Garden Blog

February in the Garden

Posted: January 30, 2015

Some people feel that February is a good time for a vacation, given the unreliability of Vancouver's winter weather. Still, our shortest month actually has enormous potential when it comes to flowers and it's always worth a trip to the Garden to see what's in bloom. Of course in a particularly mild winter all kinds of spring flowers will emerge as early as February, but as already suggested, such moderate weather can never be depended upon.

January in the Garden

Posted: January 8, 2015

One of the joys of the Botanical Garden in January is the unexpected fragrance of winter flowers. (Another is the picturesque, muffling beauty of a snowfall, but such events are notoriously difficult to predict.) We are certainly assured of mild temperatures in January, and the earliest of all winter flowering shrubs coaxed into bloom by these conditions is the aptly named winter sweet.

Recap: Asian Garden Curator's trip to Vietnam

Posted: January 6, 2015

During the first three weeks of November, Andy Hill, our Asian Garden curator joined colleagues on a botanical expedition to northwest Vietnam. The goal was to study and collect specimens of the region’s spectacular flora… and the results surpassed their best hopes!

December in the Garden

Posted: December 9, 2014

No one should be surprised by cold weather in December. The general absence of extreme temperatures in Vancouver often lulls us into of a false sense that we are living in a benign climate. But the plants in our gardens, both the survivors and the ones that die are indicators of just how cold it can get here. Although it might seem counterintuitive, some garden plants are better off being exposed to the full force of winter's wind and cold.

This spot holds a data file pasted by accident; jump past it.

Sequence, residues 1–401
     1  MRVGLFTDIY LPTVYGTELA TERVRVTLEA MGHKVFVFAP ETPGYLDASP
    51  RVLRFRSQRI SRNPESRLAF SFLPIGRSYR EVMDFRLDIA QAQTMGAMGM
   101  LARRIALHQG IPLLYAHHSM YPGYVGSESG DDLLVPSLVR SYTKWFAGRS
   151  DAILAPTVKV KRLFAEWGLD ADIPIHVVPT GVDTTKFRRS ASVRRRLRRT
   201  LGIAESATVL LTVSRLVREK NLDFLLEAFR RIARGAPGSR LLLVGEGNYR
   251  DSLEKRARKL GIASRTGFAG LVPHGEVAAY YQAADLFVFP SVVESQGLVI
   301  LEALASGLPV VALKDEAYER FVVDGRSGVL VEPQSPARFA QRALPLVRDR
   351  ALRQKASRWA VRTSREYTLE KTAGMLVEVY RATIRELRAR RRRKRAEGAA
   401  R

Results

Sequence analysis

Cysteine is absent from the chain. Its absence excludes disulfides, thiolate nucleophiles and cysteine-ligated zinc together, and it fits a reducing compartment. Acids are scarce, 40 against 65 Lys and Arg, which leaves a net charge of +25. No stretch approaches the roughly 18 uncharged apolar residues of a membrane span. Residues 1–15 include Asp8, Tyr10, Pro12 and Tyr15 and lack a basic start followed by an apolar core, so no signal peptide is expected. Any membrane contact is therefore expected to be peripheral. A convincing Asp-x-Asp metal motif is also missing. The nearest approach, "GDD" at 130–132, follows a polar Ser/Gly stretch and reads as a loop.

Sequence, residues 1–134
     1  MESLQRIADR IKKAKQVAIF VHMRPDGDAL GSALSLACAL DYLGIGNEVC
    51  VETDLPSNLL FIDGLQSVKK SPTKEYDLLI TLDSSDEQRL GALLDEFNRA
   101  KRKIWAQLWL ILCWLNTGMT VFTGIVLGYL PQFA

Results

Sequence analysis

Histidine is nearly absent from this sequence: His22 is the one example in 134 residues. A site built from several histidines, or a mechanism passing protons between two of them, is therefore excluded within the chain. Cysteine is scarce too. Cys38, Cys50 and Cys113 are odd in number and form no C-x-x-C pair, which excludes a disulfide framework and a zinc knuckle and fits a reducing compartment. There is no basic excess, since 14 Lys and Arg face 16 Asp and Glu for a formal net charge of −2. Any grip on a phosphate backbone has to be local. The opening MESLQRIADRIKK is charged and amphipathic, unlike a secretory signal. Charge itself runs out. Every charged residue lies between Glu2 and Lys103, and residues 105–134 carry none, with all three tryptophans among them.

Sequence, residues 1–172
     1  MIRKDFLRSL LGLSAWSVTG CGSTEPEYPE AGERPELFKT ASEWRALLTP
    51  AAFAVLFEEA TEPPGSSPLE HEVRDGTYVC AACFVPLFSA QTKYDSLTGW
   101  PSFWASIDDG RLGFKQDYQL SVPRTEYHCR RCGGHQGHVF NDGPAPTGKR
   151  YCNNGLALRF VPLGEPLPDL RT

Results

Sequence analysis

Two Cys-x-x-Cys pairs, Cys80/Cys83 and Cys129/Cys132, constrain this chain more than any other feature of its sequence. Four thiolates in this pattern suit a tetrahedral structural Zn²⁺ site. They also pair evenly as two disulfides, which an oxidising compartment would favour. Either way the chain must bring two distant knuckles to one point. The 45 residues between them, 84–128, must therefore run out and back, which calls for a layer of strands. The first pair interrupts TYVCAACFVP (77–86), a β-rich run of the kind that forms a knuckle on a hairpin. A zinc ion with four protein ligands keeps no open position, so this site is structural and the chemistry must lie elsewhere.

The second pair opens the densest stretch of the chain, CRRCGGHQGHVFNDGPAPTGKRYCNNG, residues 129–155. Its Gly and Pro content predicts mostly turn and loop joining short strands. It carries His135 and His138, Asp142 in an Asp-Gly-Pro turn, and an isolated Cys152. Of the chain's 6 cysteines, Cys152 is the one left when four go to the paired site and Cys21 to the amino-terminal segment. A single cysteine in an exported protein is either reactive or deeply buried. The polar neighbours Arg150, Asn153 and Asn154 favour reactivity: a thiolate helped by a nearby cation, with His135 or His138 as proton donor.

Sorting it Out at Apple Fest 2014

Posted: November 18, 2014

This October, was my first Apple Festival working at UBC Botanical Garden. I had attended in the past but like other festival go-ers I had no real concept of what is involved in planning the large festival which attracts between 12 – 19,000 people over a single weekend every year. In the past, I had been involved with zero waste initiatives and research but had never actually run a zero waste event. This is my story of our first attempt at a Zero Waste Apple Festival - what it took, how we did it and what we learned.

November in the Garden - flowers

Posted: November 6, 2014

November is a time when garden plants often descend into subtlety. Without frost and dry weather, the spectacular foliage displays begin to diminish. There are some exceptions. The sweet gums (Liquidambar species), many deciduous viburnums and a few Chinese maples can continue to increase in intensity even through the foulest weather. Acer oliverianum (Oliver's maple) with its brilliant pumpkin orange November foliage, comes to mind. These few late-colouring plants aside, we generally think of colourful berries for autumn interest. Still, there are a number of plants that normally flower in November and these are worth considering a visit around.

Apple Festival has remaining apples for sale

Posted: October 19, 2014

Apple update: October 21 at 6 p.m. - we have now stopped selling apples. Thank you to everyone who came out and supported the festival this year. This is the Garden's biggest fundraiser of the year and the funds are much needed for our research, conservation, education and public outreach work. Thank you!

October in the Garden

Posted: October 9, 2014

While this year's autumn colours will no doubt be worth admiring, because of the hot, dry summer, most leaves are exhibiting sign of stress, and the show may be somewhat abbreviated. The focus this year should be on fruit, since this will clearly be a banner year.  Everything from crabapples, cotoneasters and quinces to sapphire berries (sadly, already picked clean by birds), sparkleberries and sumac bobs are incredibly abundant this year.

Walk in the Woods - National Forest Week

Posted: September 18, 2014

Where are the flowers?

Posted: September 5, 2014

One of the most frequently asked questions at the Botanical Garden is "where are the flowers?" This is not a silly question, given that most public and large commercial gardens are designed with floral display as a primary objective. In many cases, it may not be obvious to the visitor what she/he is actually looking at in a botanical garden compared with a typical display garden. However, because the Botanical Garden is primarily a research and teaching collection, it is difficult to justify the high cost of extensive flower beds.


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